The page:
Portability is a valuable strategy for reducing federal gift and estate taxes, which enables a surviving spouse to use the unused portion of their deceased spouse’s gift and estate tax exemption. Currently, this exemption stands at $12.92 million, but it’s slated to revert to an inflation-adjusted $5 million on January 1, 2026.
Unfortunately, portability isn’t automatically available; it requires the deceased spouse’s executor to make a portability election on a timely filed estate tax return (Form 706). And many executors fail to make the election because the estate isn’t liable for estate tax and, therefore, isn’t required to file a return.
The Numbers Don’t Lie
When there’s a surviving spouse, estates that aren’t required to file an estate tax return should consider filing one for the sole purpose of electing portability. The benefits can be significant, as the following example illustrates:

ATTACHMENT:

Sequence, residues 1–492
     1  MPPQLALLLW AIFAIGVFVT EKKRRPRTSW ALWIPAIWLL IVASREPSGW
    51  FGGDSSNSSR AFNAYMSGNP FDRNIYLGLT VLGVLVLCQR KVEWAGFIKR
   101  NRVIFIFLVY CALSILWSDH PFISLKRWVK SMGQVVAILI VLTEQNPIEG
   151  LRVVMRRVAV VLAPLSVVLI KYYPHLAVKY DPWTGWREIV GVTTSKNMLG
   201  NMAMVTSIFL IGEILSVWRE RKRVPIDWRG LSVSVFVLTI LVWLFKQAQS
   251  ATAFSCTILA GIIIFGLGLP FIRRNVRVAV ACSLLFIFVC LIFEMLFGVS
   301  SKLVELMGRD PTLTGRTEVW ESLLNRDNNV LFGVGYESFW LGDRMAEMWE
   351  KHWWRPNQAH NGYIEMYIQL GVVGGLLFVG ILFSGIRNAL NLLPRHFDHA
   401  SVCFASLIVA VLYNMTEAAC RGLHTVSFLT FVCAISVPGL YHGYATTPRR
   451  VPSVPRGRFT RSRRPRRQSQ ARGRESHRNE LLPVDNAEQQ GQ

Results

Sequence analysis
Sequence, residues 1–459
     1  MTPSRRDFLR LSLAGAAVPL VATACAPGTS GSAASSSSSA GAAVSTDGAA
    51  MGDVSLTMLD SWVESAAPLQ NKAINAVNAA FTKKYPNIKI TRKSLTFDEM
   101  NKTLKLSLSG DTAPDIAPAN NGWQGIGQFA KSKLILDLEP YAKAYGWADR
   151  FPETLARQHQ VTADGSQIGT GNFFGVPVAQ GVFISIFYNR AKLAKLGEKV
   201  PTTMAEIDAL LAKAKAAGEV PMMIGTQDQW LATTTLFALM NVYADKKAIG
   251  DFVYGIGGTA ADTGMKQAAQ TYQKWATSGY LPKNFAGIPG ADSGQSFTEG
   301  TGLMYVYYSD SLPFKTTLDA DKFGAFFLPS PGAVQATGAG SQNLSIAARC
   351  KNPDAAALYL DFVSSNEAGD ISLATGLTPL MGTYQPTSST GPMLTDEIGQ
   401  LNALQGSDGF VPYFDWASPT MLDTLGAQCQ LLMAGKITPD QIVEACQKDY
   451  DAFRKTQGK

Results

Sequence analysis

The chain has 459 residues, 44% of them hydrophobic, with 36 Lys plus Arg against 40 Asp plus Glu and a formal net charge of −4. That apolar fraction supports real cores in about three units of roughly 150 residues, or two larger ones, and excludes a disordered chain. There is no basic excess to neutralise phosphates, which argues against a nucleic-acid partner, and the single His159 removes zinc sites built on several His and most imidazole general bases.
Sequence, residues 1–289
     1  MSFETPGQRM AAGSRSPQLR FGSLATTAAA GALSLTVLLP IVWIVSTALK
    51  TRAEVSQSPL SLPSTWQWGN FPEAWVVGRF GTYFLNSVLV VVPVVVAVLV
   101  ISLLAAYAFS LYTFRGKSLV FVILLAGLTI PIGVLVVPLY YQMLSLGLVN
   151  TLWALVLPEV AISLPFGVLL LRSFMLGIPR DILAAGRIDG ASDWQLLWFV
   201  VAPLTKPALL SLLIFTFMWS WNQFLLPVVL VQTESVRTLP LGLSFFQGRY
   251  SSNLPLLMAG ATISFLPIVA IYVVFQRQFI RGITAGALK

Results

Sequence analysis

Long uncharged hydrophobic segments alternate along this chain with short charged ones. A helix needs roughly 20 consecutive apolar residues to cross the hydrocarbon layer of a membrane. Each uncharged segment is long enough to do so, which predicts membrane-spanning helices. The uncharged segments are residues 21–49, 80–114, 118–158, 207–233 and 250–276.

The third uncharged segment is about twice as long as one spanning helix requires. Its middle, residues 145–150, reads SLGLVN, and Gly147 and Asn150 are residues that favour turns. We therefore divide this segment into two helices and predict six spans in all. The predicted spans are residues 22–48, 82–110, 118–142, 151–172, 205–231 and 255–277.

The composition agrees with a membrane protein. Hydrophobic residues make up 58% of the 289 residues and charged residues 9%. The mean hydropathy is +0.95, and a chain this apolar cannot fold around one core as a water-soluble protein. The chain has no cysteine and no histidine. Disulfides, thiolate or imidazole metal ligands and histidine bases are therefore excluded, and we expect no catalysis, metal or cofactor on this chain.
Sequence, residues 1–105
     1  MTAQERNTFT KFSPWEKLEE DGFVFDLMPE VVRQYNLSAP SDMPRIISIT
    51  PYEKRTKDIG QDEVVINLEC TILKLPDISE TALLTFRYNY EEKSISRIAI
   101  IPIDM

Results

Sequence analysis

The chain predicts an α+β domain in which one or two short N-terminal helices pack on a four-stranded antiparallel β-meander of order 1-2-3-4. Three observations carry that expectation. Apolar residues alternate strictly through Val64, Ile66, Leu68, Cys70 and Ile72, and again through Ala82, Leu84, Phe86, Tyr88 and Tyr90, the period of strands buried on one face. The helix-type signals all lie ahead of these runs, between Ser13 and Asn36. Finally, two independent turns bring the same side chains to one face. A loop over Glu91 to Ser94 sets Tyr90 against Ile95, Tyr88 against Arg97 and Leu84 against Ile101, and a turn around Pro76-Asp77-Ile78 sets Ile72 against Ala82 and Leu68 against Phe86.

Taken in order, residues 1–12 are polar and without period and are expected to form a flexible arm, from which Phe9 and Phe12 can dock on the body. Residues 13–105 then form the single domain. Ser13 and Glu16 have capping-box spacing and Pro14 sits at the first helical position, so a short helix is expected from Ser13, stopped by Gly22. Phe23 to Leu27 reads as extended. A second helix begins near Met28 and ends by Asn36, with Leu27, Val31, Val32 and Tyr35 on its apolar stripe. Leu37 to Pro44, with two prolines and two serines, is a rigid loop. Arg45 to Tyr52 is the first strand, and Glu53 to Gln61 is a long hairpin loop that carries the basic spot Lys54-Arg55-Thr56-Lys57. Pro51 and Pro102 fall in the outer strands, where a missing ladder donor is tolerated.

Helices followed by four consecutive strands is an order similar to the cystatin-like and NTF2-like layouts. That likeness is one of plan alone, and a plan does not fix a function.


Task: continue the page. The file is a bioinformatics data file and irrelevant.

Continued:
Bob and Carol are married. Bob dies in 2023, with an estate valued at $3.92 million, so his unused exemption is $9 million. His estate doesn’t owe estate tax, so it doesn’t file an estate tax return.
Carol dies in 2026, with an estate valued at $15 million. For this example, let’s say the exemption amount in 2026 is $6 million. Because the exemption has dropped to $6 million, her federal estate tax liability is $3.6 million [40% x ($15 million – $6 million)].
Had Bob’s estate elected portability, Carol could have added his $9 million unused exemption to her own for a total exemption of $15 million, reducing the estate tax liability on her estate to zero. Note that, by electing portability, Bob’s estate would have locked in the unused exemption amount in the year of his death, which wouldn’t be affected by the reduction in the exemption amount in 2026.
Take Action Before Time Expires
If your spouse died within the last several years and you anticipate that your estate will owe estate tax, consider having your spouse’s estate file an estate tax return to elect portability. Ordinarily, an estate tax return is due within nine months after death (15 months with an extension), but a return solely for purposes of making a portability election can usually be filed up to five years after death. Contact us with any questions regarding portability.